Suffolk: Volunteers to get job of moving traffic speed signs
- Credit: Archant
Community volunteers are to be tasked with looking after new moveable flashing speed warning signs to deter thousands of drivers logged breaking the limit on roads across Suffolk.
The new vehicle activated signs are to be put in place in 35 communities – paid for by county councillors and parish and town councils.
In some areas, fixings will be put in place in various roads so the signs can be moved regularly to target motorists on different routes where speed is a problem.
Highways engineers want appointed community-minded residents to be responsible for moving the signs every eight to 12 weeks and have been carrying out risk assessments.
It had been thought volunteers would need “ladder training” but officials say this is now not the case but they want people to be as safe as possible while moving the signs.
You may also want to watch:
A spokeswoman for Suffolk County Council said: “There is no ladder training but there is still a risk assessment to be carried out as the highways engineers are looking to ensure that the parish councils’ representatives and community members, who have driven this scheme, will be safe whilst they put up the vehicle activated speed signs.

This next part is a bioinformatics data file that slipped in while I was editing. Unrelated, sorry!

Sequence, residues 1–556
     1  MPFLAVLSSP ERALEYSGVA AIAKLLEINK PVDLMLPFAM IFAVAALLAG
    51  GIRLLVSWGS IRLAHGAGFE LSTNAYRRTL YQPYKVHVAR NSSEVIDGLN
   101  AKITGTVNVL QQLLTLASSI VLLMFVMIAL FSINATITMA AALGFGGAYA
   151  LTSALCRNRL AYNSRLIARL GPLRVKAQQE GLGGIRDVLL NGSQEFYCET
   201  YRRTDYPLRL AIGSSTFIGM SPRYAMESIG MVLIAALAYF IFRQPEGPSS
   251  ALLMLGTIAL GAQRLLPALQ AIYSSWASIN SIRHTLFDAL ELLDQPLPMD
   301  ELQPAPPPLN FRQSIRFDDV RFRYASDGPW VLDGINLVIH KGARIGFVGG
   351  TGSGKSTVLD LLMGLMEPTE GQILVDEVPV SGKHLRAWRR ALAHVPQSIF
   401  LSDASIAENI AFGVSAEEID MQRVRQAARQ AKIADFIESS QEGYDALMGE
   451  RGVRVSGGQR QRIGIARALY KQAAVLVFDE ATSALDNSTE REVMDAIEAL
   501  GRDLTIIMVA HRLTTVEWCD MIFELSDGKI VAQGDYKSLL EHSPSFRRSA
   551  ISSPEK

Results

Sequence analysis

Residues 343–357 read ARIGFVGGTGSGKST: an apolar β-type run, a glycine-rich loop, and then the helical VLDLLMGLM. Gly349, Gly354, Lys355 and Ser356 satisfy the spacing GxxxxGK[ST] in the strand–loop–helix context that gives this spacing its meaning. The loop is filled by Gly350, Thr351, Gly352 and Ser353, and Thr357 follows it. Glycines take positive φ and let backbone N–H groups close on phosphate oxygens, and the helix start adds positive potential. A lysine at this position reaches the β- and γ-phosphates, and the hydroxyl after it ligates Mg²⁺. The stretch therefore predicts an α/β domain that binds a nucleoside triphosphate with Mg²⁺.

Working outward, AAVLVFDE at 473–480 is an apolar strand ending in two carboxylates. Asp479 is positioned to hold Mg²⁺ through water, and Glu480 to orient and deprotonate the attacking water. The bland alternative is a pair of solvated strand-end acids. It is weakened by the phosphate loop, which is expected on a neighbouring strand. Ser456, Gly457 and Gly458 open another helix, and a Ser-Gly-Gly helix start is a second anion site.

“Things to consider are their safety on the side of the road and the mounting height of the signs.”
- 1 Boss who boasted of lavish lifestyle is bankrupt with £100k debts
- 3 Felixstowe beach hut goes on sale for record price
- 4 Woman's body found in village home
- 5 Indian Covid variant being monitored in Suffolk after one case confirmed
- 6 A14 delays as police deal with incident near Orwell Bridge
- 7 A14 re-opens after medical emergency
- 8 ‘Unique’ farm in coveted river setting hits market for first time in 60 years
- 9 Couple were found 'slumped over' on their sofa, inquest hears
- 10 How many of these 11 award-winning Suffolk food businesses do you know?
County councillor Richard Smith, who is allocating around £8,000 of his highways budget for the electronic signs in Leiston, Knodishall and Aldringham and ten points for signs to be moved around, said he has been staggered that people would need training to go up and down ladders and there had been uproar when this was suggested by officers at a meeting.
He said: “I don’t want to see this project delayed – I want to see these signs up and running by the autumn and I am still hoping that timetable will be met.”
In Leiston, recent speed checks carried out in Haylings Road and Abbey Road monitored 40,000 drivers and found well over half travelling at more than the 30mph limit.
In Abbey Road only two-fifths were within the limit and six motorists had driven at more than 60mph – twice drivers had been logged at 69mph.
Statistics showed in Haylings Road only one in five kept to 30mph or below, and 12 had exceeded 60mph.